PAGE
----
Systems versus CPUs
Many data centers are shrinking as virtualization, fast networking and other technologies allow fewer servers to host more workloads. The quandary for server purchases then becomes server count versus CPU count. Is it better to have more servers or more resources within fewer servers? Packing more capability into fewer boxes can reduce overall capital expenses, data center floor space and power and cooling demands. But hosting more workloads on fewer boxes can also increase risk to the business because more workloads are affected if the server fails or requires routine maintenance. Clustering, snapshot restoration and other techniques can help to guard against hardware failures, but a business still needs to establish a comfortable balance between server count and server capability, regardless of how the servers are used.
The original article from http://searchdatacenter.techtarget.com/tip/Security-vendor-choices-affect-server-purchases-for-IT-buyers
Outside of cost, what are the biggest factors in your server selection process? Join the Discussion
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HPE’s new persistent memory modules, the NVDIMMs, combine the speed of DRAM with
the resilience of flash. The persistent memory module combines 8GB of DRAM and 8GB of flash in a single module that fits in a standard server DIMM slot.
DRAM operates at high speed but it's relatively expensive, and if a server shuts down unexpectedly any data in DRAM is lost. Flash is slower but it's nonvolatile, meaning it retains data when the power source is removed.
It's not intended to replace external storage; SSDs, spinning hard drives and tape are still best for storing large amounts of data. But it provides a portion of storage that sits on the high-speed memory bus and can retain data if a server crashes.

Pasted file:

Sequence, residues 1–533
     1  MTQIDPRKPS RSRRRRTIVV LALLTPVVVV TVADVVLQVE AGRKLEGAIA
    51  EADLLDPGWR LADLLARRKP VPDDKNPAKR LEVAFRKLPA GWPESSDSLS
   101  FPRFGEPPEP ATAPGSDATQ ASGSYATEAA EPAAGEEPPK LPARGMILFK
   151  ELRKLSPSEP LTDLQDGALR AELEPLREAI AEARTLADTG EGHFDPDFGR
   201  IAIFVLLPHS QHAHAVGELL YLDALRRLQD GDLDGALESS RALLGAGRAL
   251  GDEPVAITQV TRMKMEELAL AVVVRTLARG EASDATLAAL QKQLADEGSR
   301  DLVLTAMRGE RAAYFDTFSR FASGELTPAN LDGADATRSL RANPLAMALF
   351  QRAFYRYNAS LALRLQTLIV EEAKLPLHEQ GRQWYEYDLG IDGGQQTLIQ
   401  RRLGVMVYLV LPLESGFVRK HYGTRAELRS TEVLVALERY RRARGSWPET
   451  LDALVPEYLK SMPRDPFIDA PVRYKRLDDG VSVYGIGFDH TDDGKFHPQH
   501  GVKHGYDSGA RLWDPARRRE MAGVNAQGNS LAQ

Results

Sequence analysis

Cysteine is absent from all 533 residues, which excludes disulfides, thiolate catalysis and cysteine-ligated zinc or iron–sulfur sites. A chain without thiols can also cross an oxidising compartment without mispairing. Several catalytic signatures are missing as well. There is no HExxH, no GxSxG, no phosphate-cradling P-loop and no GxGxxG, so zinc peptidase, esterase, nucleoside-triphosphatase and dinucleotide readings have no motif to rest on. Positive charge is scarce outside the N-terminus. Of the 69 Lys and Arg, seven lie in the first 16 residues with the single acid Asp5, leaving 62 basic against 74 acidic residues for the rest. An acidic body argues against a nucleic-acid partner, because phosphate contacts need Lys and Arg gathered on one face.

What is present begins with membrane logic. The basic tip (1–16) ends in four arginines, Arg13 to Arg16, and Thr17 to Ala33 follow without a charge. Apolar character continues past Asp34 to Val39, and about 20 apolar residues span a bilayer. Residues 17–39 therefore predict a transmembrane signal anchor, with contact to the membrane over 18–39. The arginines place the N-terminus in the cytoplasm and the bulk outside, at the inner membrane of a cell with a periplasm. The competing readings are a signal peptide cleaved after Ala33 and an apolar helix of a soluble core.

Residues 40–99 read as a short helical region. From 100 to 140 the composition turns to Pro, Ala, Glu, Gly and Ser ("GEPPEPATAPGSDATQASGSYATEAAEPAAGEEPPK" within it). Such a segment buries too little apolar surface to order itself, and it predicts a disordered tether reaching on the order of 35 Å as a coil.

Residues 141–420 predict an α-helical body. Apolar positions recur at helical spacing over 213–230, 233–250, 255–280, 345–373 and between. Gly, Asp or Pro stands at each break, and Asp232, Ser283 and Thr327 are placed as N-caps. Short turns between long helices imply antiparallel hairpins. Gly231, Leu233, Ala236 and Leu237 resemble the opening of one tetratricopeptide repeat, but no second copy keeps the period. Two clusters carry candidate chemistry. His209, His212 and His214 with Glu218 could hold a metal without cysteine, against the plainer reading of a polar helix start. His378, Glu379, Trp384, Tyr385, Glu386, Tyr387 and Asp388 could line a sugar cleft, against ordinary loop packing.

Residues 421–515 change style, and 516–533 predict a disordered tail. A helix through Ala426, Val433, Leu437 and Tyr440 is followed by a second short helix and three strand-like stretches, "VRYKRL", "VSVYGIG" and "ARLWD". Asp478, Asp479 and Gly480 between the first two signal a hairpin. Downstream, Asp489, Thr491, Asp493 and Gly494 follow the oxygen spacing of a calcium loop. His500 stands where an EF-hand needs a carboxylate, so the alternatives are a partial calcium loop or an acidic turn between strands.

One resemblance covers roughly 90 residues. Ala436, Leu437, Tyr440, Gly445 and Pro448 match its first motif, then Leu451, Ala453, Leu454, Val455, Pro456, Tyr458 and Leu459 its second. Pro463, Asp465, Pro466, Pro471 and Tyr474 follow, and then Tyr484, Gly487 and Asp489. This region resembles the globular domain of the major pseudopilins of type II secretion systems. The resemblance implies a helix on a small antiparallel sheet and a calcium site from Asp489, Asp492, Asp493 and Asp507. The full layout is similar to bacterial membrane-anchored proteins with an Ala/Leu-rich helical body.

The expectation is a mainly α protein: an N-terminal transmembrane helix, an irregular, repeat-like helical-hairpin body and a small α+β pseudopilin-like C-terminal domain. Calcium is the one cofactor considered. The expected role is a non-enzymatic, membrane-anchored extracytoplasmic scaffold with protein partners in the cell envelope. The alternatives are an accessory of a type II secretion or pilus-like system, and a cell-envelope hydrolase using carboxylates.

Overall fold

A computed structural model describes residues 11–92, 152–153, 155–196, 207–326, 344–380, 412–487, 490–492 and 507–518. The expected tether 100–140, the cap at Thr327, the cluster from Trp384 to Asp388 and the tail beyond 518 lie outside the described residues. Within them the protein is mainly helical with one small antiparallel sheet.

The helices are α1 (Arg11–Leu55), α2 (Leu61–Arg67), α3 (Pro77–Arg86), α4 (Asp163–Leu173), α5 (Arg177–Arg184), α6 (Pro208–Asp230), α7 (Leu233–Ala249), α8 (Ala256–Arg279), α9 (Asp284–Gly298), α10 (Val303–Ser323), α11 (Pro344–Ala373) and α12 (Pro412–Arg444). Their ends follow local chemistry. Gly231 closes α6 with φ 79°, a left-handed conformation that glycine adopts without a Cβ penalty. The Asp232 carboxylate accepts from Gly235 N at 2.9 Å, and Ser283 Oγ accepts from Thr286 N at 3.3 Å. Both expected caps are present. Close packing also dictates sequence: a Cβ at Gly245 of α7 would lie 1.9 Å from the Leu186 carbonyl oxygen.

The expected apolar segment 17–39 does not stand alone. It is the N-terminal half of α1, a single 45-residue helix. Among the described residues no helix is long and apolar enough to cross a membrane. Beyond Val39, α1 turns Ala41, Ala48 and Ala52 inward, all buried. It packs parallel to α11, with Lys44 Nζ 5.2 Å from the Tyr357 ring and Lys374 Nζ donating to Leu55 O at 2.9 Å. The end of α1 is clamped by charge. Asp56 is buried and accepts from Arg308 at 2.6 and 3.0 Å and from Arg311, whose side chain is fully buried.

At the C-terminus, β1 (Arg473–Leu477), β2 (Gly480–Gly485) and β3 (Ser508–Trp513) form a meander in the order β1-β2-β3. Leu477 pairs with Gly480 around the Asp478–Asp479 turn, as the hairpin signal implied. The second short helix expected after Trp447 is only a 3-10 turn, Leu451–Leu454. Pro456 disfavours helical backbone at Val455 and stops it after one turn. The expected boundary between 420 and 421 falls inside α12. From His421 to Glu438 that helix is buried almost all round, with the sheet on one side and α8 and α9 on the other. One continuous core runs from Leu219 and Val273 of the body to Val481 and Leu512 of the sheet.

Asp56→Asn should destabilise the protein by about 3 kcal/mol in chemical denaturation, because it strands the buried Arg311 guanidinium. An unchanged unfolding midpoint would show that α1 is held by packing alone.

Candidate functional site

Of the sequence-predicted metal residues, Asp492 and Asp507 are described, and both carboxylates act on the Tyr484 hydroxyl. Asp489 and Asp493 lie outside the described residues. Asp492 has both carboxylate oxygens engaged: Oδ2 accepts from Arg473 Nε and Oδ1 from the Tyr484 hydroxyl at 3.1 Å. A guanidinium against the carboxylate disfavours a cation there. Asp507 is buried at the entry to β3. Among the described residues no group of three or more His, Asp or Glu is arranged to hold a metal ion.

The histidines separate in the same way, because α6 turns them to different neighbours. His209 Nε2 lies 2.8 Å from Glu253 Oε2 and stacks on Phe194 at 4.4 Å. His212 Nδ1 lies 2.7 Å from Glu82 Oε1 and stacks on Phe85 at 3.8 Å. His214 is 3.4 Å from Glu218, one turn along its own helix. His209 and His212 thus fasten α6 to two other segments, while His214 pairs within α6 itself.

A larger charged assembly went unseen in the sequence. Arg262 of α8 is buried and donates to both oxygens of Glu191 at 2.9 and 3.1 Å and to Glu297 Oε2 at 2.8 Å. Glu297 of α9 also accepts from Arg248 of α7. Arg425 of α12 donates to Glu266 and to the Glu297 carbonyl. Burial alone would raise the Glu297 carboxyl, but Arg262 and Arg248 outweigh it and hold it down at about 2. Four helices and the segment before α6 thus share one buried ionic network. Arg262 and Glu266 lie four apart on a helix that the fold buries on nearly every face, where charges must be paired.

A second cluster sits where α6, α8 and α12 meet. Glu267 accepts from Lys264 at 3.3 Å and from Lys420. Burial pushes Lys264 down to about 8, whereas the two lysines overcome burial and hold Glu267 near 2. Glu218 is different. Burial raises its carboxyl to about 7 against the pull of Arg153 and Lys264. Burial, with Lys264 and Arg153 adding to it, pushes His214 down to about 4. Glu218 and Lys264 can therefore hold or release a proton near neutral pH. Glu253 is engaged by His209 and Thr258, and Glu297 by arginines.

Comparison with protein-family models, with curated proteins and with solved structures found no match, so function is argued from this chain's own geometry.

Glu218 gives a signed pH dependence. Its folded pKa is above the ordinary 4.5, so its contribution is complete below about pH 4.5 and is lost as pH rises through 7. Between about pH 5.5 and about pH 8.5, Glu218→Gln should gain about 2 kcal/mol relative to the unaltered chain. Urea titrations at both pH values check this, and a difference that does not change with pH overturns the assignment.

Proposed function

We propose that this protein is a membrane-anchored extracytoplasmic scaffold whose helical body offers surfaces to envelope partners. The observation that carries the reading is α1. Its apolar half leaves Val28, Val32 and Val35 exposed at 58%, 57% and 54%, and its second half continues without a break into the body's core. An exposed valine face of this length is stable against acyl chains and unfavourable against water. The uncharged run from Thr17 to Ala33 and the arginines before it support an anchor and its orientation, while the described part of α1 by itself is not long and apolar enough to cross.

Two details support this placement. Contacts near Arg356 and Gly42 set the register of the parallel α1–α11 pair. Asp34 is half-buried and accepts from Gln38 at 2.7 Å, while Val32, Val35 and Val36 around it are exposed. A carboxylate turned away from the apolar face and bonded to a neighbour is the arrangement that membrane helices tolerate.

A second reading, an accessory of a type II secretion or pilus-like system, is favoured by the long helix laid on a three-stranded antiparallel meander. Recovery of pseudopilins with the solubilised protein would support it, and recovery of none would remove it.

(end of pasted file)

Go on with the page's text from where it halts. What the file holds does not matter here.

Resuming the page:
Applications in NVDIMM can run much faster, according to HPE, because data doesn't have to shuttle back and forth between the CPU and storage drives.
HPE isn't first to the game. Component makers including Micron Technology and Viking Technology make NVDIMMs, and other server makers are experimenting with forms of persistent memory.
But Patrick Moorhead, lead analyst at Moor Insights and Strategy, says HPE has a lead over its server rivals, at least for now.
HPE says NVDIMM offers up to six times the bandwidth of SSDs based on the high-speed NVMe (nonvolatile memory express) protocol, and provides up to 24 times more IOPS (input-output operations per second).
The NVDIMMs, as an option, is for two models of ProLiant Gen9 server, the DL380 and DL360.
It needs software makers on board as well. Operating systems need to be aware of NVDIMM to take advantage of it, and while standard applications will see performance gains, the biggest benefits will come to apps that are tuned for persistent memory.
HPE has written a driver for Windows Server 2012 R2 that will be available with the new servers. And HPE officials said Microsoft will support NVDIMM "out of the box" with Windows Server 2016, expected later this year. It's also working with Linux vendors and other software makers.
The NVDIMMs have a microcontroller and connect to a 96-watt Lithium-ion battery integrated into the server. If a server crashes, the battery provides powers to the module until the data in DRAM has been backed up to flash. The battery can support up to 128GB of persistent memory in a server.
HPE believes NVDIMM could benefit applications like databases, where in-memory processing is a fast-growing trend. It says tests have shown up to a 10x boost in database and analytics applications tuned to run on NVDIMMs.
Where applications haven't been tuned, it says users will still see a 2x increase in SQL Server database logging, for example.
It plans to offer future NVDIMMs that emphasize larger capacity over performance. And HPE officials said Intel may offer its high-speed 3D Xpoint technology in a persistent memory form.
It sees NVDIMMs as a stepping stone on the way to future computing architectures. It's Synergy systems, which have a new type of "composable" infrastructure, will all be enabled for persistent memory when they ship.
It hasn't given a commercial release date yet for Synergy, but it plans to ship beta units to some customers in May, HPE officials said.
Further out, HPE's goal is to collapse memory and storage into a single tier using a new technology called memristors. It hasn't given an arrival date for that system, which it calls the Machine.